Raghuram Rajan of the University of Chicago, along with William White, former head of the Bank for International Settlements’ monetary and economic department, are arguing for an increase in interest rates.
Interest rates near zero risk fanning asset bubbles or propping up inefficient companies, say Rajan and William White, former head of the Bank for International Settlements’ monetary and economic department. After Europe’s debt crisis recedes, Fed Chairman Ben S. Bernanke should start increasing his benchmark rate by as much as 2 percentage points so it’s no longer negative in real terms, Rajan says. [link]
There is an element of truth to this, with firms now issuing 100-year bonds. This has turned into a bit of a controversy, with Paul Krugman commenting on the statement in a post on his blog:
…other things equal, demand is higher, the lower the real interest rate. Do you really want to quarrel with that? But right now, thanks to the aftermath of the financial crisis, even a zero nominal rate, which is a slightly negative real rate, isn’t low enough to produce full employment.
In normal times, when the zero lower bound isn’t binding, this basic framework suggests that conventional monetary policy can play the key role in stabilization. So in normal times I’m all in favor of having the Fed take on the job of managing the business cycle, and basing fiscal policy on long-term concerns. [link]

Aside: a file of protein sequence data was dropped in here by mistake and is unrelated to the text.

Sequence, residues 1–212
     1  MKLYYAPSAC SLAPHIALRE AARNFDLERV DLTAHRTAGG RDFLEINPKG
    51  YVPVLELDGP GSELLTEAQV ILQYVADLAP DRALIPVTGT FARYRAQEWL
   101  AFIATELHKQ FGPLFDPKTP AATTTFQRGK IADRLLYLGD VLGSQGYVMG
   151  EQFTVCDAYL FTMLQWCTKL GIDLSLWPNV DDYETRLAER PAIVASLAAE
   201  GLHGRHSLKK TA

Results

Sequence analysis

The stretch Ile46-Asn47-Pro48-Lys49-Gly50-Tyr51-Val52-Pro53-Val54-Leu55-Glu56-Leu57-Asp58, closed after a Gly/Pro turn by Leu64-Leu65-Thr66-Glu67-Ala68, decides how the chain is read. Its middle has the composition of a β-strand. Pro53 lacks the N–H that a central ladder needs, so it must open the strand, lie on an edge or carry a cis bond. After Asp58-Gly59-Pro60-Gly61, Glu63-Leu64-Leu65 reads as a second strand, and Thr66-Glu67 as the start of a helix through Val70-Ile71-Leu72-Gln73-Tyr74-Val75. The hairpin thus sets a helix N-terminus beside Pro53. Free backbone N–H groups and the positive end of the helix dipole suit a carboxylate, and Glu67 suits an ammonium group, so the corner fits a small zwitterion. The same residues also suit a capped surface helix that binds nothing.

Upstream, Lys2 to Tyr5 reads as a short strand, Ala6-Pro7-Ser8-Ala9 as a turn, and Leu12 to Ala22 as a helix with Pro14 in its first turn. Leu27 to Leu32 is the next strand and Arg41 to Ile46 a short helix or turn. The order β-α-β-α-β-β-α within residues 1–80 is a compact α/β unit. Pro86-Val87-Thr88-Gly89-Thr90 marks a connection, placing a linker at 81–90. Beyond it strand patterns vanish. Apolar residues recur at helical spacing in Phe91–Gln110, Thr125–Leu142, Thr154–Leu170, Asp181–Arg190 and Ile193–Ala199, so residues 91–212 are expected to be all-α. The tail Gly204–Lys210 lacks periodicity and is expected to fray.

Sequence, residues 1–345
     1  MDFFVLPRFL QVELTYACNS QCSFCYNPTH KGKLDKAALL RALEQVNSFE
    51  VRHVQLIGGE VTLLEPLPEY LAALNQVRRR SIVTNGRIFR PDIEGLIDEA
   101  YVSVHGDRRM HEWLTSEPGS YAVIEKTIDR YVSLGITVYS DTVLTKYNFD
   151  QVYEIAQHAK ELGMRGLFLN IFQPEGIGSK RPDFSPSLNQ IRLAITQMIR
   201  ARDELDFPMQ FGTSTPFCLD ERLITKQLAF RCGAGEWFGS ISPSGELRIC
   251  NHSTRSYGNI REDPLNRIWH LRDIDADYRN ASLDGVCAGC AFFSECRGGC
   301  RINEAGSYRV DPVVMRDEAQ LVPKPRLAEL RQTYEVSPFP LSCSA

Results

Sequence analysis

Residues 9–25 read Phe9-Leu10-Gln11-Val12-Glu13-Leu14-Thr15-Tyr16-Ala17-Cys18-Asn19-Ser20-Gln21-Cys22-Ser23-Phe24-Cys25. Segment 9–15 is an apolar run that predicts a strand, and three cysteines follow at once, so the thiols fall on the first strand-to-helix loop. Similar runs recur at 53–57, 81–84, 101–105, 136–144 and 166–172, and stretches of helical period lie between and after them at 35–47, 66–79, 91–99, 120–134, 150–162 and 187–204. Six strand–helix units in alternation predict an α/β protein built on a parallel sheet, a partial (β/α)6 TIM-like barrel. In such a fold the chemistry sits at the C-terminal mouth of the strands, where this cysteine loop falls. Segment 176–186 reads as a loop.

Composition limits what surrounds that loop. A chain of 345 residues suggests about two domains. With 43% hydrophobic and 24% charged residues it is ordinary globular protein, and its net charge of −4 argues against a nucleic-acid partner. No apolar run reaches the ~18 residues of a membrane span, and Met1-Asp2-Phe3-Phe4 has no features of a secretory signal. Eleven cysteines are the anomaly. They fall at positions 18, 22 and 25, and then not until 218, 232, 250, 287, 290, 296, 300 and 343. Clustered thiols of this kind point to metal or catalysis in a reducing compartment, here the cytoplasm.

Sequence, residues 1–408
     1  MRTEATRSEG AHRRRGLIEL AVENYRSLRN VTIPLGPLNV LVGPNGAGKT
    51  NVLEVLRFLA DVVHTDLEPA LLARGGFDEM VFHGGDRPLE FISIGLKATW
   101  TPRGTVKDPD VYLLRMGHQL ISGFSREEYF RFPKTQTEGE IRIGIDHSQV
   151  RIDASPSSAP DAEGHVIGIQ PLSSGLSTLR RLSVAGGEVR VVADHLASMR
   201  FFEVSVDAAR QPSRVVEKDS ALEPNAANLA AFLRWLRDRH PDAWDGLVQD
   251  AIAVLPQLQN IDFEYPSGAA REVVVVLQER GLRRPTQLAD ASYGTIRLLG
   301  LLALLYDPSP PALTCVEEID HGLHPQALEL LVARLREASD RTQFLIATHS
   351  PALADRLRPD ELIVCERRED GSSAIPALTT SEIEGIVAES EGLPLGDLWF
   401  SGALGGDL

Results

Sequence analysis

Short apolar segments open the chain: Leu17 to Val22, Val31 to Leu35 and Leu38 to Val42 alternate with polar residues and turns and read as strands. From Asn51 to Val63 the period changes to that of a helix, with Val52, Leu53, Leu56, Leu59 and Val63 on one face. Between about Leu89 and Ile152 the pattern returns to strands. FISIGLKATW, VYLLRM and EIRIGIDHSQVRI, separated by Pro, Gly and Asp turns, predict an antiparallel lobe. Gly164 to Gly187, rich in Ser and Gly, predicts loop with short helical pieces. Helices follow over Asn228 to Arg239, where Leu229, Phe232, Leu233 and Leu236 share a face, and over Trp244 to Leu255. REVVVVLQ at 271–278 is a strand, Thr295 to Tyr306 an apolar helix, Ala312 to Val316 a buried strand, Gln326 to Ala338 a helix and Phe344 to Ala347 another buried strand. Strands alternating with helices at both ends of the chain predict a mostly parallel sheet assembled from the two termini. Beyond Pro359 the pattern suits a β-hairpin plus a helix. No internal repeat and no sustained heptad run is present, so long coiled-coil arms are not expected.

The Keynesian argument is to have the government take over from the private sector and push-start the economy until it gets rolling again. To be sure, there are problems with this, including what Rajan talks about: short-term thinking, free riders, etc. But in the long-run Krugman might be right. In any event, Rajan responded on the Freakonomics blog with:
The asymmetric Fed policy of cutting rates sharply when the economy is in trouble and not raising them quickly when it recovers gives the financial sector fewer incentives to worry about credit or liquidity risk. The financial sector has come to rely on the Fed to bail it out through ultra-low interest rates whenever it gets into trouble, and the Fed has developed a reputation of obliging.
…cutting rates is not without cost. But what about the benefits? Are they as large as the Keynesians state them to be?
The real problem is that corporations are not hiring quickly. But corporations did not hire quickly following the recession of 2001 (or that of 1990-91), and the sustained monetary stimulus that many economists supported then led, in no small part, to the housing boom and bust. It did not, however, lead to an explosion in corporate investment. [link]
So who is right? It is hard to say right now – only time will tell. But with double-dips looming, and bankers’ bonuses booming, the FOMC has its work cut out for them.